Friday, February 13, 2015

AIARE Level II Avalanche Course

The members of the AAI AIARE Level II course psyched to be out in beautiful snowy conditions!  (A. Stephen)

Over the last four days I was fortunate enough to be a student in a Level II AIARE course, taught by American Alpine Institute instructors Cliff Palmer and Richard Riquelmie.  For those who don't know, AIARE (the American Institute for Avalanche Research and Education) is the foremost organization for snow education and avalanche awareness in the U.S.  AIARE has designed three courses (Level I, II, and III) for backcountry travelers hoping to increase their knowledge, and improving their safety margins in avalanche terrain.  Level I is focused on basic interpretations of weather data and snowpack, terrain selection, and rescue protocols.  Level II begins to step into snowpack analysis, detailed weather data interpretations, heuristic factors, and multiple burial recoveries.  As our instructor Richard put it, in Level II, we learn "now-casting."

Tools of the Trade: a thermometer, magnifier, and crystal
card are used to gather key data points about the snowpack. (A. Stephen)
Coming into the course, I think we were all a little unsure of how much practical experience we were going to be able to gain.  The Northwest has had one of the worst snow years on record, and I was definitely concerned that with the dismal conditions it would be hard to apply the knowledge we were being taught.  It turned out that although the snowpack was quite low, it actually contained some variance, and we were all pleasantly surprised when the last two days of the four-day course we actually received quite a bit of snow!  All said, we were able to witness a good storm cycle, observed some considerable avalanche conditions, and got a good look at the metamorphosis of the snowpack under changing conditions.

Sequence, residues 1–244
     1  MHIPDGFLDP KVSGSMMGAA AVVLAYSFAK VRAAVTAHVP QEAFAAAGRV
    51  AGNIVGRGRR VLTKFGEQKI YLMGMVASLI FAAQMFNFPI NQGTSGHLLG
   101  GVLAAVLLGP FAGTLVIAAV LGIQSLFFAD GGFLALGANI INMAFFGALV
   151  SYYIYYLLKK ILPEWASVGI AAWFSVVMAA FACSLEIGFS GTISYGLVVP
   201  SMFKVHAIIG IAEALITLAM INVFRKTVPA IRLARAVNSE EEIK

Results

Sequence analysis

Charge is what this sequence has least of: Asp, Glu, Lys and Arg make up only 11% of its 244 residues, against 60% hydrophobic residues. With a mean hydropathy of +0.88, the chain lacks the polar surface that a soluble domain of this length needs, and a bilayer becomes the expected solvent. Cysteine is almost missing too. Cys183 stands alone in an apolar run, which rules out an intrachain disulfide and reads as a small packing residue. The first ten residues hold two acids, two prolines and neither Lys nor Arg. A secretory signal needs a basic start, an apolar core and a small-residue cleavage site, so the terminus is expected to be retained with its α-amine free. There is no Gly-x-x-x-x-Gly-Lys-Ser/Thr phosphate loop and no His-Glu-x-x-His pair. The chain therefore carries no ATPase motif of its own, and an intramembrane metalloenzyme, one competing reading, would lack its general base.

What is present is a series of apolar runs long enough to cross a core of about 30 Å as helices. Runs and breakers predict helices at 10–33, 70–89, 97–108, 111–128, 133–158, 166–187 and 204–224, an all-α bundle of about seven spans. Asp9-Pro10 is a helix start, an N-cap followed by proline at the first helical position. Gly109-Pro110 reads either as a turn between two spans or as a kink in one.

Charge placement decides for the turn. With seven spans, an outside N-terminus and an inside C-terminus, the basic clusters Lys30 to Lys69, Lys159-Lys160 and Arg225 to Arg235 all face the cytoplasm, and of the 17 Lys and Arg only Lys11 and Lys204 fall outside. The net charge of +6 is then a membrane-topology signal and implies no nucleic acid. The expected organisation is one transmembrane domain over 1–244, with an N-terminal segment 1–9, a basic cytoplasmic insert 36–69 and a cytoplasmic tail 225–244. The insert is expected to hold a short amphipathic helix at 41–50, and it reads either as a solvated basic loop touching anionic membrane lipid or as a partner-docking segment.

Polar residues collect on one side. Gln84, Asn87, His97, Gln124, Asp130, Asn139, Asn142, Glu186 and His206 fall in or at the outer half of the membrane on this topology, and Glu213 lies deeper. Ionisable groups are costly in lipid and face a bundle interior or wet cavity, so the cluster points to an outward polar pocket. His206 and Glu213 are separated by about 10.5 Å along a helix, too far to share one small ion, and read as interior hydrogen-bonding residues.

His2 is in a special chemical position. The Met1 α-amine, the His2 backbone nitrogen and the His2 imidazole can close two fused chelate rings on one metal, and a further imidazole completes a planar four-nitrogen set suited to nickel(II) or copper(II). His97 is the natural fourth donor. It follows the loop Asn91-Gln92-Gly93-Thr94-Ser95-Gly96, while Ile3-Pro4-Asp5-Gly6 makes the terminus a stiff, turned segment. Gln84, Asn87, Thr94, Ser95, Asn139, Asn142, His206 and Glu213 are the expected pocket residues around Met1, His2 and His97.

Digging some hasty pits to quickly examine how well the new snow is bonding
 to existing layers on one of our snowier days (A. Stephen)
Our typical day in the course was split between classroom learning and heading into the backcountry near the Mt. Baker ski area to dig data pits and examine the layers in the snowpack.  We learned how to gather data about the layers using a magnifying glass to examine snow particles, and performing stability tests to see how well the layers were bonded.

"This is snow!" Richard explaining the properties of some freshies. (A. Stephen)
The last day of the course it was snowing heavily and forecasted considerable avalanche danger for the day.  I had never been out on a day with considerable danger, but with Cliff and Richard's expertise and careful route selection we were able to make it to Artist Point (around 5,000 ft of elevation in the Baker backcountry), where we dug some data pits and were able to examine first-hand where the weaknesses in the snowpack were, and why considerable danger had been forecasted.
A student preparing a stability test in a data pit (A. Stephen)
As we descended back to the cars, we were able to get a few turns in some of the best powder we had skied all year in the NW.  As Cliff remarked, it may have been the best skiing we will get all year short of going to Japan!  The AIARE Level II course was eye-opening, empowering, taught by two expert snow professionals, and with practice and experience, it set me up to get there one day as well. I would highly recommend any winter backcountry traveler become involved in the AIARE programs, and what better place to do it than in the (usually) epic snows of the Mt. Baker area.  For a list of AIARE programs offered by AAI, click here

--Andy Stephen, Instructor and Guide

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